Illustrating the power of open data for understanding the natural environment

I’m preparing a talk on the value of open data for people working with the ‘natural environment’ in Scotland, and I’d like to give some simple examples of how linking different open datasets might lead to new insights in this domain.

For instance, it might be possible to show a correlation between biodiversity and some other indicator, such as farming practices, perhaps visualised as different map layers.

Does anyone know of work which has achieved interesting results by combining open datasets for the natural environment? There is some great work on on Open science lab for biodiversity, but it seems to focus on visualising single datasets, such as bird migration.

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A big thumbs up for this:

Pulls in open data from many portals and presents it in a way that allows the user to select the layers to visualise.


Yes, this is really impressive, not least in the way that the site accommodates such a wide range of data layer formats. Thanks for the pointer.

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In case anyone else is interested in this topic, here are some other pointers I received.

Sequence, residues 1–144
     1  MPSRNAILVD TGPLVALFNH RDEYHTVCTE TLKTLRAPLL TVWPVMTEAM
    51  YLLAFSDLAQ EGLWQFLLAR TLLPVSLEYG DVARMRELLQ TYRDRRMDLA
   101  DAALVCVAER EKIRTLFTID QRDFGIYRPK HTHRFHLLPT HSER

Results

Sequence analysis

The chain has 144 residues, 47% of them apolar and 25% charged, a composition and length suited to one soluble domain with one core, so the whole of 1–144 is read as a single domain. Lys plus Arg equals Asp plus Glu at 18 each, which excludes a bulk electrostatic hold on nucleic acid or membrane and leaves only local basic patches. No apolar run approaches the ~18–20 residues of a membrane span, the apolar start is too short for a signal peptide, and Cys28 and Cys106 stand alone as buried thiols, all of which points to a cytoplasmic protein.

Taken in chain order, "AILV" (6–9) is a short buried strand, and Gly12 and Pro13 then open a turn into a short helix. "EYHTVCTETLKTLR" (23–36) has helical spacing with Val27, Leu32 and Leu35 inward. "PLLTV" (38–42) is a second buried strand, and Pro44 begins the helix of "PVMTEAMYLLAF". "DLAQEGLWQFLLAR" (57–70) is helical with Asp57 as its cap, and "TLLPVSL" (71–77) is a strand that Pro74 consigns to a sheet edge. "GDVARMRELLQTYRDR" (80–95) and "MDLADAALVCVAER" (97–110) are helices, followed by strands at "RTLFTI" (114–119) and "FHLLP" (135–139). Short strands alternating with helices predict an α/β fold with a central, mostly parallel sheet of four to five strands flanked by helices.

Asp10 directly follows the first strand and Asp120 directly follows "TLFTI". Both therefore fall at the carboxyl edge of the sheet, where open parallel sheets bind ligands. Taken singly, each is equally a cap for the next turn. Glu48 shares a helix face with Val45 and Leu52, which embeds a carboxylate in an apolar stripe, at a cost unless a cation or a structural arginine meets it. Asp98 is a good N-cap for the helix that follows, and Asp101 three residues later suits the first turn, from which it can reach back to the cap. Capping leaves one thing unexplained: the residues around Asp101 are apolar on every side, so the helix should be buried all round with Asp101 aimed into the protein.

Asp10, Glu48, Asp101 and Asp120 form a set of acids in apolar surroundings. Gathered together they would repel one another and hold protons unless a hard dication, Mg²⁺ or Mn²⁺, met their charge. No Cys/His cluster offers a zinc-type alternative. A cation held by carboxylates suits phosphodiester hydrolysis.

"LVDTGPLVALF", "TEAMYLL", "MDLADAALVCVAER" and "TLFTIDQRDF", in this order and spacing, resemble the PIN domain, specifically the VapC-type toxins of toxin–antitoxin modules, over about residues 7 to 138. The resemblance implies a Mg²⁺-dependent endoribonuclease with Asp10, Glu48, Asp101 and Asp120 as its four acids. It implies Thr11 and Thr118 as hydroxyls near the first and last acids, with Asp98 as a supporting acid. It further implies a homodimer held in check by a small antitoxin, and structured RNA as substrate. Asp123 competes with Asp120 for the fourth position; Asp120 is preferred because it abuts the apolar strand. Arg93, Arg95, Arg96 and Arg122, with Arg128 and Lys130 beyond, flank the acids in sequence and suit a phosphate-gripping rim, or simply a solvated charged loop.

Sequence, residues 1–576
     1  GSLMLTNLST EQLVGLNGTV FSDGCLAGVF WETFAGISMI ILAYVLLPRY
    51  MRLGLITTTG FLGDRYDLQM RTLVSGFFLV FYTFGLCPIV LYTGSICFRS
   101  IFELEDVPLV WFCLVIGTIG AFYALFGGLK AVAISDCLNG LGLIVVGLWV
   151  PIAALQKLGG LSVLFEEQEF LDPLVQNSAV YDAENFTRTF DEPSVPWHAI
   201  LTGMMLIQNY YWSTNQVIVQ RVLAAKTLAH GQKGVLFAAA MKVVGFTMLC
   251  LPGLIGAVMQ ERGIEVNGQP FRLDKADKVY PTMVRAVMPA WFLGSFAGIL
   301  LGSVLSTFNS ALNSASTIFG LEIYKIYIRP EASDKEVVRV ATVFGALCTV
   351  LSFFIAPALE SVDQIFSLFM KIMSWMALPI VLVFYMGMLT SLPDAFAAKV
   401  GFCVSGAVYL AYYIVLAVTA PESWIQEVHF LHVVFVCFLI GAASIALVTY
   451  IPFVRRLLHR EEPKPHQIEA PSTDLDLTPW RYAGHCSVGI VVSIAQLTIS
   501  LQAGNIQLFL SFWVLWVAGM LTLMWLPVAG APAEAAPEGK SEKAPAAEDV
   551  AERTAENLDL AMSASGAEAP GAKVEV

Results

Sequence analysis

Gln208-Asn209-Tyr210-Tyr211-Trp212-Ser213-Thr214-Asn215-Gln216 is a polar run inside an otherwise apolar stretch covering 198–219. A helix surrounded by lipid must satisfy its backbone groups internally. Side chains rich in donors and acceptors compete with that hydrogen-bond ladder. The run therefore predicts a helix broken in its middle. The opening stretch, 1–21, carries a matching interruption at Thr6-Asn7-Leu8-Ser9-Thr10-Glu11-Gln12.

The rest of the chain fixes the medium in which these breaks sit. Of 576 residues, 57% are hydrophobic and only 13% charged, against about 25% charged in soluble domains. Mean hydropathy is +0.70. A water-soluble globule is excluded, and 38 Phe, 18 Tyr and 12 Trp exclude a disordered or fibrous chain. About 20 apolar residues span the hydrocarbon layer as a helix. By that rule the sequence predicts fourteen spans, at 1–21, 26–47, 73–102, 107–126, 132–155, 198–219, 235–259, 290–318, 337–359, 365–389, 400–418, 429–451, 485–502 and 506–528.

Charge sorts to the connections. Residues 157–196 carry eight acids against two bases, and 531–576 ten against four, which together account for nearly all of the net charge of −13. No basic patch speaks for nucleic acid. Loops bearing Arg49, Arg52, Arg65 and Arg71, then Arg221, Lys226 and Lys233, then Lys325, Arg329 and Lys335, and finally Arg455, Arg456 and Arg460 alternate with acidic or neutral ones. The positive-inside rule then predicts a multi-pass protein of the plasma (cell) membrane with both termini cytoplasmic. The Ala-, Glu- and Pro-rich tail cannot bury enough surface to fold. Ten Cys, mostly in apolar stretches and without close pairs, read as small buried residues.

Thanks to Jonathan Silvertown, Jack Townsend and Ross Mounce for suggestions!

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We have built a prototype a while back linking data about Natura2000 site and taxon occurrences with status

J. Chabalier, O. Coullet, A. Sahl et O. Rovellotti, ecoQuery: a semantic module to query biodiversity data on the Web. Acte de la conférence « Journées Ouvertes en Biologie, Informatique et Mathématiques 2011 » (JOBIM 2011).

The following blog by Peter Desmet describes how debilitating closed datasets — that is, datasets without suitable open licensing — can be for science. His example involves bullfrog biogeography. HTH, Robbie.

Desmet, Peter (17 October 2013). Showing you this map of aggregated bullfrog occurrences would be illegal. Peter Desmet website.